There is an interesting analogy here with Robert Nozick’s argument in Anarchy, State, and Utopia about how rational, self-interested people who do not wish to coerce each other would anyway form a minimal state for mutual protection. It seems that protecting us from pathogens is not in principle different from protecting us from criminals or enemy attack. Vaccination is akin to setting up an internal police force.  Furthermore, in Nozick’s theory the state would also extend its protection to independents that did not wish this since it would make its own clients safer. By compensating them (largely by the benefits they gain from protection) it can outweigh the wrong done by impugning on their freedom. So even from a libertarian standpoint vaccination may be a legitimate tax-funded activity and there are reasons to have obligatory vaccination.

One can object to the above analogy that while the state may be right in limiting the freedom of independents in the case of rights violations since it only limits the ability to commit crimes and the right to form one’s own protection organisation, in the case of vaccination the state now intrudes much further and violates our right to control our bodies. This is a valid objection. While the intrusion is slight (and often committed for our own sake in childhood while we are still not fully responsible for ourselves) rejecting it could have a strong symbolic meaning, similar to how Jehovah’s Witnesses refuse blood products. Refusing a potentially lifesaving treatment may be an expression of one’s autonomy. But if refusing a treatment puts others at risk tolerance of this refusal will be narrower.  In the case of epidemic disease the risk grows the more people refuse vaccination: if herd immunity exists there is little reason to force vaccinations onto unwilling people, but when few are vaccinated compulsive vaccination may be moral.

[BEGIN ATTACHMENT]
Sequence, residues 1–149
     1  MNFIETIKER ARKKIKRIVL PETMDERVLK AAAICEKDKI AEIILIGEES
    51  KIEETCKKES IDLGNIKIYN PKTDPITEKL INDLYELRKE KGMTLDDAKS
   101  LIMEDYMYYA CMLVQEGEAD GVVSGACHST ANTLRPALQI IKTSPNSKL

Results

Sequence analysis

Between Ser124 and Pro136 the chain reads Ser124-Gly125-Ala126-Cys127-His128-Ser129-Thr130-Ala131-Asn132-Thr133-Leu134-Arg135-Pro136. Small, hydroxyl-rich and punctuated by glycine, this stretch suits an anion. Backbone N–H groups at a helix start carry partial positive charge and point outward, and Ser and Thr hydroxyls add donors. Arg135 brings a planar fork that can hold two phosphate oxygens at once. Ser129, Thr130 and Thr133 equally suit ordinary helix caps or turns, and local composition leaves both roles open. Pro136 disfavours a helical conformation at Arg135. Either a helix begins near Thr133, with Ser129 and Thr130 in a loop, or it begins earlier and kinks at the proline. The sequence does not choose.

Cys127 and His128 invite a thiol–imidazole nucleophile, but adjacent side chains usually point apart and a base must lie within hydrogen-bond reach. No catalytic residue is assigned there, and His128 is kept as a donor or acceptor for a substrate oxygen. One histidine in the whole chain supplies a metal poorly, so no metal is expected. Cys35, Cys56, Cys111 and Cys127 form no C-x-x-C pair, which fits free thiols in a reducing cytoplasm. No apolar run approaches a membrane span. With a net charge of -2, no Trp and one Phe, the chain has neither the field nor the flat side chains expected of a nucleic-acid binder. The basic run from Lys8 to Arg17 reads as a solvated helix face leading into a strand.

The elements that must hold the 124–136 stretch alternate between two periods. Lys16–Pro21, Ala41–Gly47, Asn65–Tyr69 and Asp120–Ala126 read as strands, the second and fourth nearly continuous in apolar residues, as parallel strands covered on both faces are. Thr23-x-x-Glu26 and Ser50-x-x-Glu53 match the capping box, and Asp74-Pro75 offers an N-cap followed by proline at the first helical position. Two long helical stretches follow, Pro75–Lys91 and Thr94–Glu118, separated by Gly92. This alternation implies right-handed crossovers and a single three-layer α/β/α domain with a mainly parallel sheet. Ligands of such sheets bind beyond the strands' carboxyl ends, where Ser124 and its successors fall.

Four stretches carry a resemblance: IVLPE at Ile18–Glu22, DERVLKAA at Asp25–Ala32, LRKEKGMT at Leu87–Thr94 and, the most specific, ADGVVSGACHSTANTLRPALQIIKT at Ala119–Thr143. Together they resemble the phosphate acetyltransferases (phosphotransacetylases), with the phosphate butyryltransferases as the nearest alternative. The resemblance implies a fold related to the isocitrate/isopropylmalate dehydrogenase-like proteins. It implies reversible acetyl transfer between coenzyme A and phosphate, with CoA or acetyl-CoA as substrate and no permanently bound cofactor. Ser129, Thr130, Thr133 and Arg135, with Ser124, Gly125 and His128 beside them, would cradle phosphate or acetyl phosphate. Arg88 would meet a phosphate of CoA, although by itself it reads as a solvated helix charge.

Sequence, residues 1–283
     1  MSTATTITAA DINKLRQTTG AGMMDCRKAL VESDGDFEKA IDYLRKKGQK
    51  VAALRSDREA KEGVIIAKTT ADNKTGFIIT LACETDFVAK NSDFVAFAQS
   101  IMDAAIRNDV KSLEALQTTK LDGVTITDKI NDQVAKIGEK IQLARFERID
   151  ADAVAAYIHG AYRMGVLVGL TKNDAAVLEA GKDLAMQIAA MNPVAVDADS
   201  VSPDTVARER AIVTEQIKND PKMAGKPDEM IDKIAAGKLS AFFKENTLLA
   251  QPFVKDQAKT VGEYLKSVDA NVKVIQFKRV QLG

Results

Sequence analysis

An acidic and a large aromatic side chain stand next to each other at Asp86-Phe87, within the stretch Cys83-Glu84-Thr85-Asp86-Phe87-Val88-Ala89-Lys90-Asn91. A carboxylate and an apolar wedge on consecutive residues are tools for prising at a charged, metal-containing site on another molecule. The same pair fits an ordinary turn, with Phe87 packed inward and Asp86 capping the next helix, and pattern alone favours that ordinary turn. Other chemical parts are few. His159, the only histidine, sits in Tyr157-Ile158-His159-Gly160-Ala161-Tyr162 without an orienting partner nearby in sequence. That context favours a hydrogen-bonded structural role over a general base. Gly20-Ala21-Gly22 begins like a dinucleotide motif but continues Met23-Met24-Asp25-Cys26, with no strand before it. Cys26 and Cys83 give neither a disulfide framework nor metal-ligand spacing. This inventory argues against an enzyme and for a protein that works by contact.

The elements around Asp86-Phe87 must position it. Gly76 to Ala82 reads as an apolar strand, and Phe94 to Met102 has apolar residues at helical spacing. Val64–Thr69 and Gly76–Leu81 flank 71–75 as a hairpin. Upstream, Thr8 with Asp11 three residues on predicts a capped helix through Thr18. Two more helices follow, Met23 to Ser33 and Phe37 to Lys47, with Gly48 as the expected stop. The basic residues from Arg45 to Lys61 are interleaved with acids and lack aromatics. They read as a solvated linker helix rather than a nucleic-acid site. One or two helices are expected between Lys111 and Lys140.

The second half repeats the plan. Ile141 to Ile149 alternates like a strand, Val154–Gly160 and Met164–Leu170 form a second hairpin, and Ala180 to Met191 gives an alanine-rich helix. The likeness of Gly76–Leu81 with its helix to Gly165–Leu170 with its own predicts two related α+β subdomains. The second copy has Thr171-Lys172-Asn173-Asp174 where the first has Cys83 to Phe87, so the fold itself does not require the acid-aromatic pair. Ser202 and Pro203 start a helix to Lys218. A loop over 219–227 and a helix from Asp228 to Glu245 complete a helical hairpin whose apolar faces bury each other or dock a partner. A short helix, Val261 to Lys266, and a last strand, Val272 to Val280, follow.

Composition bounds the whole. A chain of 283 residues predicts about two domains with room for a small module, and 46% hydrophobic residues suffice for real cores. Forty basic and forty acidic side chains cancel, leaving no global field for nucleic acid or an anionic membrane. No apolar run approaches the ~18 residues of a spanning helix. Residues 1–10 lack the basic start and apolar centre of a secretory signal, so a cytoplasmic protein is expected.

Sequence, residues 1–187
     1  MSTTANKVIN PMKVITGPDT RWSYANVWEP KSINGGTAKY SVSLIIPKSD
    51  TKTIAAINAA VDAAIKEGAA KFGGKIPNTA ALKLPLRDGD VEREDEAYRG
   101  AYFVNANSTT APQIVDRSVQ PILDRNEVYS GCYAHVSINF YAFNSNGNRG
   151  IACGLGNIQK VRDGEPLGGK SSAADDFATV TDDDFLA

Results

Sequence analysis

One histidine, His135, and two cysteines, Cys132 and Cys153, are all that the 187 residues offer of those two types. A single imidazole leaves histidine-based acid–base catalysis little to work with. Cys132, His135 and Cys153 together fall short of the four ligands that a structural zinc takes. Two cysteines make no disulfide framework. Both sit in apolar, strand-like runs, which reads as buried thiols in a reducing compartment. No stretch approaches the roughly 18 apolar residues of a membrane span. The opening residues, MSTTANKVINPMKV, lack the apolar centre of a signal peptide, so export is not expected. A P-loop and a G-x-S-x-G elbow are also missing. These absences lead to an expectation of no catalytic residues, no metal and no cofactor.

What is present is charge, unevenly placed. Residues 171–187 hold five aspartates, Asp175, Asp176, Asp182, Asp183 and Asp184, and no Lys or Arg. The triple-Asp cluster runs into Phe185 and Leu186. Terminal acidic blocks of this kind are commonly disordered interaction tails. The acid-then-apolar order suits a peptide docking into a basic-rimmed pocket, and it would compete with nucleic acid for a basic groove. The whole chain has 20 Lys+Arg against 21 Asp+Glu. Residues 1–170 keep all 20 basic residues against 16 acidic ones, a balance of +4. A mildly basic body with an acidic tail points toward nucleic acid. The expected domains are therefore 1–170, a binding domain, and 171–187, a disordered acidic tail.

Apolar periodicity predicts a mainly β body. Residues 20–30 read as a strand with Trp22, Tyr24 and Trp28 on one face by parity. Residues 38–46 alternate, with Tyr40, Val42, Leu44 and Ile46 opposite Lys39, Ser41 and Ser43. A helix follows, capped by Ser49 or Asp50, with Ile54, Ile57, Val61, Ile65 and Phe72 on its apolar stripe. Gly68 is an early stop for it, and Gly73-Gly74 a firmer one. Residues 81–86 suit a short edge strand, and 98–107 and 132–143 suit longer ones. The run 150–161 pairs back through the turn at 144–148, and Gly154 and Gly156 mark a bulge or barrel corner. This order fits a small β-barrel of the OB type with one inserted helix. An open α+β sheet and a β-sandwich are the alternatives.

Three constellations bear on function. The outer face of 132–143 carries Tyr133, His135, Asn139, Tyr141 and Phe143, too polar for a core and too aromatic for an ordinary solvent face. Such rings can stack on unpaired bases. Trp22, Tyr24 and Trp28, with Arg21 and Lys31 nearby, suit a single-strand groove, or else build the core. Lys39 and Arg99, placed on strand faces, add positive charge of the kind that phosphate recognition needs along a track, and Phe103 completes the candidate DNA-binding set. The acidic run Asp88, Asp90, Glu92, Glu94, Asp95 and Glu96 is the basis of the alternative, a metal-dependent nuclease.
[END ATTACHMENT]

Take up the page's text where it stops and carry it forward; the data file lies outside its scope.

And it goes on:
If compensation for participating in vaccination is provided, it seems that more people would be willing to do it; the people who would absolutely refuse are likely a small minority. How large should the compensation be?  From the perspective of the health care system and insurance companies vaccination is a cost-effective way of reducing future costs. Assuming we knew the price elasticity of people somewhat unwilling to vaccinate it would be relatively easy to calculate the right price. Lottery tickets or increased future allocation of other healthcare might also be possible. More likely even symbolic rewards for participating like a gold star on the patient record or bumper stickers may have a positive effect. It seems that the low costs, slight privilege effects of being vaccinated and generally recognized benefits do not require an enormous incitement to make people behave rationally; they just need being reminded about them. Some people might object that rewarding compliance makes the motivation external rather than internal, and that will reduce virtue. But while some may vaccinate themselves or their children out of virtue or altruism, pure self-interest or concern for the child is enough to motivate it.

All in all, vaccination is one of the most cost-effective public health measures around. Even in a minarchist nightwatch state they are legitimate uses of tax money. There appears to be a case for making vaccination compulsory as long as herd immunity has not been reached (and the illness is sufficiently severe, which measles probably is). In any case, adding compensation to the process might be appropriate.